Louis Armstrong House Museum
Curatorial Fellows Program
The Curatorial Fellows Program provides an opportunity to gain experience in all areas of the operation of the Louis Armstrong House Museum. Fellows will lead historic house tours, preserve and interpret primary source materials from the extensive Research Collections, participate in fundraising and membership campaigns, and network with professionals from NYC arts, museum, and archival organizations. Fellows will complete projects with quantifiable results and be exposed to all areas of operation–program, development, fiscal, governance, and administration. Throughout the program, Fellows will actively develop their knowledge about Louis Armstrong, jazz, and 20th-century history and culture. The Curatorial Fellows Program is underwritten by a generous grant from Fund II Foundation.The Fellows Program runs from Sept. 1, 2018 to June 30, 2019. Fellows shall serve at the museum for 35 hours per week. Fellows are responsible for their own housing and living expenses. The program provides a $30,000 stipend, paid bi-weekly.
Eligibility & Selection
The Curatorial Fellows Program is open to African-American History Studies Majors, History Majors, Art Majors, Music Majors, Library Science Majors, and Humanity Majors currently enrolled in historically black colleges and universities and other institutions that have an evident interest in the curatorship of African-American heritage. The program is also open to recent graduates of such programs. We especially welcome applications from communities that are historically under-represented in the museum field. Fellows will be selected through a competitive application process.
To be considered for the Program, an applicant should send, as PDF files, (1) a cover letter explaining why the applicant wishes to be a Fellow, (2) a current curriculum vitae, and (3) names, telephone numbers, and emails of three references to Fellows@LouisArmstrongHouse.org. Applications must be received by – February 2, 2018. All applicants will be notified of the Search Committee’s decision.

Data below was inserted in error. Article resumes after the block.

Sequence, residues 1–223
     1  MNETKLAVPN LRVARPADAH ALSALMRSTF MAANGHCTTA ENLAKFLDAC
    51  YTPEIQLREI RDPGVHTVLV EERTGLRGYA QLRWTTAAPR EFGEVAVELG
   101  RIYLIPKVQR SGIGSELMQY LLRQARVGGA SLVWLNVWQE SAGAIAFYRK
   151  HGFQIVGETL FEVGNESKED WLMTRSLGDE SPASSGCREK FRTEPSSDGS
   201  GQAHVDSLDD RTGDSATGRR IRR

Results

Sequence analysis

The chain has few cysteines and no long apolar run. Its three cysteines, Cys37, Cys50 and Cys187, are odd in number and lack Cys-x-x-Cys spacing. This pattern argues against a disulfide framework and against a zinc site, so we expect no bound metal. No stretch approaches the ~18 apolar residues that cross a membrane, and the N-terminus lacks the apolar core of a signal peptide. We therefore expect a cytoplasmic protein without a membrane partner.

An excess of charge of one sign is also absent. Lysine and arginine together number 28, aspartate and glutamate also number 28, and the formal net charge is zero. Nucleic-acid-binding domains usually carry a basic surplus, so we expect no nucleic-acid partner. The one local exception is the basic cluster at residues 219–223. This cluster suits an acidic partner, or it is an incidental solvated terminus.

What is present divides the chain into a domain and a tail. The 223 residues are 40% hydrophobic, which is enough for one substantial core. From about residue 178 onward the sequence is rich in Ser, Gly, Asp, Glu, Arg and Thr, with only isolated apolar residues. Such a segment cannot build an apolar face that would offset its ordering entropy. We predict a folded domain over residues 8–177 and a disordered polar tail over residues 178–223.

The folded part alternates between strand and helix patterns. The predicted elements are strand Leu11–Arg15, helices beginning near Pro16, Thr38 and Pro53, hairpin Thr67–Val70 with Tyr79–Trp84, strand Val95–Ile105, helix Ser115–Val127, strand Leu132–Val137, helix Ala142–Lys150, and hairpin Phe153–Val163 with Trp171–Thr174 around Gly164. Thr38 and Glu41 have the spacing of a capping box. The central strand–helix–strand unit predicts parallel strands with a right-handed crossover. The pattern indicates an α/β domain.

Louis Armstrong House Museum
The great musician Louis Armstrong and his wife Lucille (a Cotton Club dancer) purchased a modest frame house in Corona, Queens, New York City in 1943 and lived there for the rest of their lives. Today their home, perfectly preserved, is a National Historic Landmark and a New York City landmark open to the public six days per week and visited by people from all over the world. LAHM also holds the world’s largest research archives for any jazz musician. Many of the materials are rare or unique. The archives comprises 17,000 photographs, 700 home-recorded reel-to-reel tapes, 500 hand-decorated tape boxes, 155 scrapbooks, 240 leaves of autobiographical manuscript, 4 linear feet of correspondence, 30 linear feet of personal papers, 85 linear feet of LP and 78 phonodiscs, 55 canisters of 16 mm film, 120 paintings, posters, and works on paper, 250 artifacts, 860 musical scores and sheet music, 5 gold-plated trumpets and 14 trumpet mouthpieces. The historic house contains its own remarkable collection of paintings, prints, exquisite home furnishings, and objets d’art.
The Louis Armstrong House Museum is a cultural center of Kupferberg Center for the Arts at Queens College, City University of New York (CUNY). CUNY is the nation’s largest public urban university.